Docker NFS Implementation for better performance in MacOS 11 (Big Sur)

First of all: Docker in general is very popular topic and has many ways how it can be used, configured and worked with. The following statements are how I interpreted the whole docker ecosystem and how I personally got a working docker environment with MacOS.

It has been known for a long time, that Docker has performance issues under MacOS. You can also find many other tutorials online which seem to improve the performance but in my experience most of them didn’t.

The Problem

Basically Docker for MacOS doesn’t “mount” the filesystem of the container the same way as Linux does.

In Linux Docker basically “separates” all its containers via namespacing. This namespacing feature is present in the Linux kernel but MacOS is not based on Linux.

Therefore in Linux there is no difference between files on the host and container system but MacOS has to circumvent this feature “somehow”. And this “somehow” basically creates a whole lot of latency which reduces the performance dramatically.

I can definitely recommend this whole series from LiveOverflow where he goes deeper into the whole namespacing topic and why linux docker containers are not VMs (if you are interested)

The solution

I found the following blog article which basically has the solution + performance benchmarks in them:

https://www.jeffgeerling.com/blog/2020/revisiting-docker-macs-performance-nfs-volumes

So definitely kudos to him!

To summarise:

Edit/Add the file /etc/exports and add the following line:

/System/Volumes/Data -alldirs -mapall=501:20 localhost

This file is a config file used by the NFS system available under MacOS. So therefore this line exports the directory /System/Volumes/Data including all subdirectories to the localhost.

It could be that a permission popup shows while saving this file. Please accept that.


Edit/add the file /etc/nfs.conf and add the following line:

nfs.server.mount.require_resv_port = 0

This line is required to tell the NFS daemon to allow connections from any port. Otherwise Docker’s NFS connections may be blocked.


Now restart the NFS Daemon to reload the new config

sudo nfsd restart

Finally I had to add Full Disk Access to the NFS Daemon.

Go to System Preferences ==> Security & Privacy ==> Tab Privacy ==> Full Disk Access

Click the lock at the bottom left to allow editing the entries.

Then click on the + icon to add a new entry.

Now press CMD + Shift + G to enter the absolute path /sbin/nfsd and klick GO

The nfsd should now appear in the list of apps which should have Full Disk Access and the checkbox next to it should be checked.


The last step is to adjust your docker-compose.yml to actually use NFS instead of the normal volume binding.

Here is an example of an “old” docker-compose.yml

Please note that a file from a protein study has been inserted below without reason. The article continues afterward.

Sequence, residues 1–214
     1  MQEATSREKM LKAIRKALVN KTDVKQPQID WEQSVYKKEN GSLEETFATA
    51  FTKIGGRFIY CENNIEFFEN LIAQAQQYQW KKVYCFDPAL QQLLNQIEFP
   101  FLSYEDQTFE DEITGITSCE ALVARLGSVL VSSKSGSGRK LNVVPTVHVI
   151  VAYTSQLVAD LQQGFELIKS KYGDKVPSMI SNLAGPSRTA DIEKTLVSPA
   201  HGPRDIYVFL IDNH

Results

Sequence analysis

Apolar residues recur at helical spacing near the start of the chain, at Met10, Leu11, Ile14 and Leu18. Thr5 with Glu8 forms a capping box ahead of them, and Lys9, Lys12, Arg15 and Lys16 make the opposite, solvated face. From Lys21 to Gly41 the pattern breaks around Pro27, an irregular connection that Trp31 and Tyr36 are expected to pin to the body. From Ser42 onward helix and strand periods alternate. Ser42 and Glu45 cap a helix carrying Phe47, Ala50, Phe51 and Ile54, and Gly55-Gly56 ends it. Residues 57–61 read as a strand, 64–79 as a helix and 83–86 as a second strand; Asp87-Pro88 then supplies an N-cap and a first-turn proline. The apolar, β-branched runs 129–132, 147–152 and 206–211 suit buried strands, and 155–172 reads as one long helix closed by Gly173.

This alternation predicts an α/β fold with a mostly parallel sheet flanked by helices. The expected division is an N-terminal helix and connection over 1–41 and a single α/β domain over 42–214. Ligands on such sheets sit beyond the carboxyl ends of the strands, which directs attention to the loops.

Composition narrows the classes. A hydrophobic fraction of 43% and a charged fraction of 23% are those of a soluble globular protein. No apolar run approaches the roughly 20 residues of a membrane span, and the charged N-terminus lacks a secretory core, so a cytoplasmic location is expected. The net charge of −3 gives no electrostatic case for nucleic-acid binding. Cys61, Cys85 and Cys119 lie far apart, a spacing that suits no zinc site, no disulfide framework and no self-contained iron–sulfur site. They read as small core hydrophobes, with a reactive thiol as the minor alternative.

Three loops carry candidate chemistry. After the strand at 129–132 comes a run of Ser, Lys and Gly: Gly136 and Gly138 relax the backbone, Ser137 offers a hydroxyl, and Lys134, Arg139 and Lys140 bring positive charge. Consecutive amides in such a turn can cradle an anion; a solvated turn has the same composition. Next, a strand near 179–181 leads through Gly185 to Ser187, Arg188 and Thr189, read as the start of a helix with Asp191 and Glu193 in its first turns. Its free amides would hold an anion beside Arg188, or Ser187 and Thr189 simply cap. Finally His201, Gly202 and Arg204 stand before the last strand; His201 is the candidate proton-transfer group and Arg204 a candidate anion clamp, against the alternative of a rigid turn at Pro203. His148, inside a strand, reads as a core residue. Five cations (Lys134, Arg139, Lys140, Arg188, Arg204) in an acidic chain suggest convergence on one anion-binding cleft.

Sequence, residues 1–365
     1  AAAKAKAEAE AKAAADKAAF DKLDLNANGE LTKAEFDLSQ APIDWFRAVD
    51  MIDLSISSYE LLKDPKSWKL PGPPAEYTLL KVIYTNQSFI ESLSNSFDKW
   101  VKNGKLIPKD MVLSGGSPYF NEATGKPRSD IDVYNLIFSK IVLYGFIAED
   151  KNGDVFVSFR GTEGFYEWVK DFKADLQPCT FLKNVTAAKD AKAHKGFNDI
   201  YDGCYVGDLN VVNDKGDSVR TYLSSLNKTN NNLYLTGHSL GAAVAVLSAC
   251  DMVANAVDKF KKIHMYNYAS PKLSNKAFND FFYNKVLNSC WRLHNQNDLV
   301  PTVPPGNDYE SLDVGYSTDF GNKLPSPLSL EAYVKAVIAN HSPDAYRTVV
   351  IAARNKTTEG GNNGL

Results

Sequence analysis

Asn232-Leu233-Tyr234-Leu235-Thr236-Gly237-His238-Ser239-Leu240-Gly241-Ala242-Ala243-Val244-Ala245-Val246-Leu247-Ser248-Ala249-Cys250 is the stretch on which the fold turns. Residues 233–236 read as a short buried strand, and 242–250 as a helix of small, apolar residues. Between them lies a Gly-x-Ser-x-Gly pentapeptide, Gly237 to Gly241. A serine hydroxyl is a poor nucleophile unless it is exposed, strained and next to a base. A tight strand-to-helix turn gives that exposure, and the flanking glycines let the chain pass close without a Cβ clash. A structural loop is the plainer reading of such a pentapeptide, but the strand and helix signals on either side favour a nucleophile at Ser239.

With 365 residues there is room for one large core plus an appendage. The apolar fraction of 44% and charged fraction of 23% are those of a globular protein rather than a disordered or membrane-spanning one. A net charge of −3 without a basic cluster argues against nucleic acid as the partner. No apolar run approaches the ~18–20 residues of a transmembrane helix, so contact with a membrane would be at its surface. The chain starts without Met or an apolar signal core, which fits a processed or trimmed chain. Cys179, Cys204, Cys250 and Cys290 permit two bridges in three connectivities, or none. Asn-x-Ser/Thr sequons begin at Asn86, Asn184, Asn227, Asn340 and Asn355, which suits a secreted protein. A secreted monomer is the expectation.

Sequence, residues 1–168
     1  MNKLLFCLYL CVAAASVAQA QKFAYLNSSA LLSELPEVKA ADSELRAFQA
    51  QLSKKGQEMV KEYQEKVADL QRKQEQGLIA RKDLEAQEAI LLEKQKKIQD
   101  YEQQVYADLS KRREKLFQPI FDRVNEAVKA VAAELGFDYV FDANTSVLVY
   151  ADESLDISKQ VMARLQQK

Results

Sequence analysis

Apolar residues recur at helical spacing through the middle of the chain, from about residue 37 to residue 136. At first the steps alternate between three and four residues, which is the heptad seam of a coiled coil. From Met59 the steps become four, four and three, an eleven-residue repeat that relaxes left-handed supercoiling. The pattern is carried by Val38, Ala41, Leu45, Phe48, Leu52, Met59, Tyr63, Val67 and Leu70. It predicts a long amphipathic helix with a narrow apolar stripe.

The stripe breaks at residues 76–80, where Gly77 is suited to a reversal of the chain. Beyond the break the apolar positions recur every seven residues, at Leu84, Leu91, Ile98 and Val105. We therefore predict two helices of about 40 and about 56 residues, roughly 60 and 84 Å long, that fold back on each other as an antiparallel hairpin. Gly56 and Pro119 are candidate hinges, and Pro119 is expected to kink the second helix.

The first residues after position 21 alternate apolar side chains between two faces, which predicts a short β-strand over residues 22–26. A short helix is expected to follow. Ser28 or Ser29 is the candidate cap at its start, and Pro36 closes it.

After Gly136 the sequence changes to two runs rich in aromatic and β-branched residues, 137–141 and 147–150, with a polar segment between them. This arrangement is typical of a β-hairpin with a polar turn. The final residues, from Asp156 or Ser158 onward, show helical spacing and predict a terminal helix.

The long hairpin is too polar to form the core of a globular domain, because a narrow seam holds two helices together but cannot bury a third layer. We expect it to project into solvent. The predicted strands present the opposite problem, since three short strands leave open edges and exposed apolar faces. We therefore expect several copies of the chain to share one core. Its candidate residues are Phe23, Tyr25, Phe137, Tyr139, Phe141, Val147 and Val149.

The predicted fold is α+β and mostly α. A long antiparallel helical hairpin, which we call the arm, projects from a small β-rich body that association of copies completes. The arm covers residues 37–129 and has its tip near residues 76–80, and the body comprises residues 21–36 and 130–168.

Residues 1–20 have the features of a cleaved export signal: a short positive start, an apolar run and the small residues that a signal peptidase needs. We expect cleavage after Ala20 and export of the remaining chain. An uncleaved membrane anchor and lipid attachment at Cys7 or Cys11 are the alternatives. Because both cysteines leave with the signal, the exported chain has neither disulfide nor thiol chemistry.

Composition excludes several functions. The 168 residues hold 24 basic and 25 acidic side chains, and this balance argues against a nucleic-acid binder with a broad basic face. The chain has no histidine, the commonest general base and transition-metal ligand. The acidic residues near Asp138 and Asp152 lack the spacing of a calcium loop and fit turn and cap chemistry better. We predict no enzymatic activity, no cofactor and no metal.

version: "3.8"
services:
  web:
    container_name: sl_web
    build:
      context: .
      dockerfile: docker/web/Dockerfile
    ports:
      # 'host:container'
      - '80:80'
    networks:
      - frontend
      - backend
    volumes:
      - ./webvol:/var/www/html:cached

  mysql:
    container_name: sl_db
    image: mysql:5.7
    command: mysqld
      --character-set-server=utf8mb4
      --collation-server=utf8mb4_unicode_ci
      --init-connect='SET NAMES UTF8;'
    ports:
      # 'host:container'
      - '3306:3306'
    networks:
      - backend
    environment:
      - MYSQL_ROOT_PASSWORD=sl_db_root_password
      - MYSQL_DATABASE=sl_db_name
      - MYSQL_USER=sl_db_user
      - MYSQL_PASSWORD=sl_db_password

  phpmyadmin:
    container_name: sl_pma
    image: phpmyadmin/phpmyadmin
    networks:
      - frontend
      - backend
    environment:
      PMA_HOST: mysql
      PMA_PORT: 3306
      PMA_USER: root
      PMA_PASSWORD: root
    ports:
      # 'host:container'
      - '8080:80'

networks:
  frontend:
  backend:

As you can see the web container uses a normal volume binding to mount the hosts webvol folder to the containers /var/www/html folder

And here are the main changes which need to be done for the NFS implementation

Adjust the volume mount from ./webvol:/var/www/html:cached to nfsmount:/var/www/html:cached

  web:
    ...
    volumes:
      - nfsmount:/var/www/html:cached

This tells docker to use the “named volume” nfsmount to mount into the containers path.

Now we have to define the “named volume” at the bottom of our docker-compose.yml

volumes:
  nfsmount:
      driver: local
      driver_opts:
          type: nfs
          o: addr=host.docker.internal,rw,nolock,hard,nointr,nfsvers=3
          device: ":$PWD/webvol"

As you can see the adjusted document root path is now being set in the device config of the volume definition.

And with that we should be fine.

Adding a nfo.php to the webvol folder, starting the docker instance and browsing localhost/nfo.php should result it.

You can download this whole project template HERE.

Docker-Engine Debug-Mode default on

After talking about docker performance issues with a friend of mine (thanks Simon from BoltCMS Slack) he told me, that Docker itself has a debug mode which drastically reduces performance.

And as you can see here this setting is set to true.

After setting that to false and recreating my containers my performance had drastically increased.

I have no idea why this is a default setting Docker sets (for at leat the MacOS Client) but this in combination with the NFS mount was the solution to my performance problems I had Docker on MacOS.

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